Surge in container and cargo throughputs at S'pore port

The number of containers handled at the Port of Singapore rose 1.6 per cent from May last year to 2.665 million last month, the first year-on-year rise in 15 months and 5.4 per cent higher than April's figures.
The number of containers handled at the Port of Singapore rose 1.6 per cent from May last year to 2.665 million last month, the first year-on-year rise in 15 months and 5.4 per cent higher than April's figures. ST PHOTO: MARK CHEONG

Total container and cargo throughputs at the Port of Singapore last month hit levels not seen in more than a year.

The number of containers - known as 20ft equivalent units - rose 1.6 per cent from May last year to 2.665 million. It was the first year- on-year rise in 15 months and 5.4 per cent higher than April's figures.

Total cargo throughput in May was up as well, rising 7.7 per cent from a year earlier to about 52.257 million tonnes. It was also 1.9 per cent higher than in April, according to preliminary estimates from the Maritime and Port Authority.

The rise in container throughput may be read as growth from a lower base, given declines from last year, said Mr Jason Chiang, Ocean Shipping Consultants director.

"The mega shipping alliances which had been rapidly changing are now stabilised," he added.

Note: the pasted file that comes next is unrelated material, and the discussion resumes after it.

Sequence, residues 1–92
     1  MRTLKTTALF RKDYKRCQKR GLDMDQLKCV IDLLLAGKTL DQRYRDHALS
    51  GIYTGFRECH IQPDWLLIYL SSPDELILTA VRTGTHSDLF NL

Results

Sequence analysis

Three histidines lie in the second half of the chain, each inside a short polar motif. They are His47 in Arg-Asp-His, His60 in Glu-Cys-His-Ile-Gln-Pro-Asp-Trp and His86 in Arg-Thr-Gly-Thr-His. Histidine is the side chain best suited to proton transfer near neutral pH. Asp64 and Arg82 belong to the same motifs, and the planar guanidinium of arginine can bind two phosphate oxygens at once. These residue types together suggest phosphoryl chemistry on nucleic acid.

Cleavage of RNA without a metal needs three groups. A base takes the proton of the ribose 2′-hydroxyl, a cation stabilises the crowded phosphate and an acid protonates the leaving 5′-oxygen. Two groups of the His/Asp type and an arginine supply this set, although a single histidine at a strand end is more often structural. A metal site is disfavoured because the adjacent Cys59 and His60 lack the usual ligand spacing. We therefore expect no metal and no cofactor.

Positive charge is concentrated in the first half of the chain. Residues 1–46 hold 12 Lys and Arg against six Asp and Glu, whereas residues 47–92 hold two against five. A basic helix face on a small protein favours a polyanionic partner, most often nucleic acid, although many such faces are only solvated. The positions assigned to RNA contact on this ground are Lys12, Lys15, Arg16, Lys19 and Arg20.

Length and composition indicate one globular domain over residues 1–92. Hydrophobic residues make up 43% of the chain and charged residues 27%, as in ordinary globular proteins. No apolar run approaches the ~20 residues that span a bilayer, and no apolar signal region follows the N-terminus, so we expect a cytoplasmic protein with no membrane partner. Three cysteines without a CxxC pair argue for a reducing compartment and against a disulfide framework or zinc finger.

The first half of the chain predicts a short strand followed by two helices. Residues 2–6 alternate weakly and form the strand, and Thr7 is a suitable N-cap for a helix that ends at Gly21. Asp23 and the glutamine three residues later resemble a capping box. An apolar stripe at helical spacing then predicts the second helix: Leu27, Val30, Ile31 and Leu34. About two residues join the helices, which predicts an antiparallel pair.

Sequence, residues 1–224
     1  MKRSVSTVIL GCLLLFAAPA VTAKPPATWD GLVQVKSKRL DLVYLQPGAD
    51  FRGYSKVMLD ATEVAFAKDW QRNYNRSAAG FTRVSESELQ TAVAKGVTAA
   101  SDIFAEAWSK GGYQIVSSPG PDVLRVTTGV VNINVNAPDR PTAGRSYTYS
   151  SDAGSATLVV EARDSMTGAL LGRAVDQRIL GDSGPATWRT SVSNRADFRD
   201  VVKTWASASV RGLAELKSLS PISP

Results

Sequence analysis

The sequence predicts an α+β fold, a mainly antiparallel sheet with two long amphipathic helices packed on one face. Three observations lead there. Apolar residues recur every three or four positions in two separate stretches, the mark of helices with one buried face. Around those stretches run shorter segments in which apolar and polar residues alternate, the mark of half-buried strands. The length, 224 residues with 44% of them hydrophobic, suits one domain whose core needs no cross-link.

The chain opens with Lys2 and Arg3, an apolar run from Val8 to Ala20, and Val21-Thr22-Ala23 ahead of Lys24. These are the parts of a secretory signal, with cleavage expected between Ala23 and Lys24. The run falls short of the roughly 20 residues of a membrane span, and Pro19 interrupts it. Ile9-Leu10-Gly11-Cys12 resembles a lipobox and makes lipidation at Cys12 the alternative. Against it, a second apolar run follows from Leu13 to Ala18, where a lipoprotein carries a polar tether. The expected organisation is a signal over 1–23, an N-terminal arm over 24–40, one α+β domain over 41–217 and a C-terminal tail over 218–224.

Last year, the alliances shifted transhipment volumes from Singapore to Malaysia's Port of Tanjung Pelapas and Port Klang.

"The impact of the shift has since ceased and the Port of Singapore is now growing in line with the overall market," added Mr Chiang.

"The reason for the growth is demand for containerised cargo from the transhipment hinterlands of Singapore - South-east Asia, South Asia - but it remains to be seen if the growth will persist for the remaining months as the volumes are susceptible to economic shocks."

But business could pick up next year, with CMA and China Shipping Container Lines shifting to PSA Singapore, he added.

May's throughput volume suggests that non-oil domestic exports for last month might be more positive than initially expected, said CIMB economist Song Seng Wun.

"While global trade volume is still below trend, economies which have reported their May trade figures, such as China, South Korea and Taiwan, posted smaller contractions than previously," he added.

Still, there is plenty of uncertainty in the larger global picture, Mr Song noted.

Last week, the World Bank cut its global growth estimate to 2.4 per cent for this year from the 2.9 per cent projected in January.

The uncertainty surrounding Brexit in the lead-up to the referendum next week will also dampen trade volume, said Mr Song.

A version of this article appeared in the print edition of The Straits Times on June 14, 2016, with the headline 'Surge in container and cargo throughputs at S'pore port'. Print Edition | Subscribe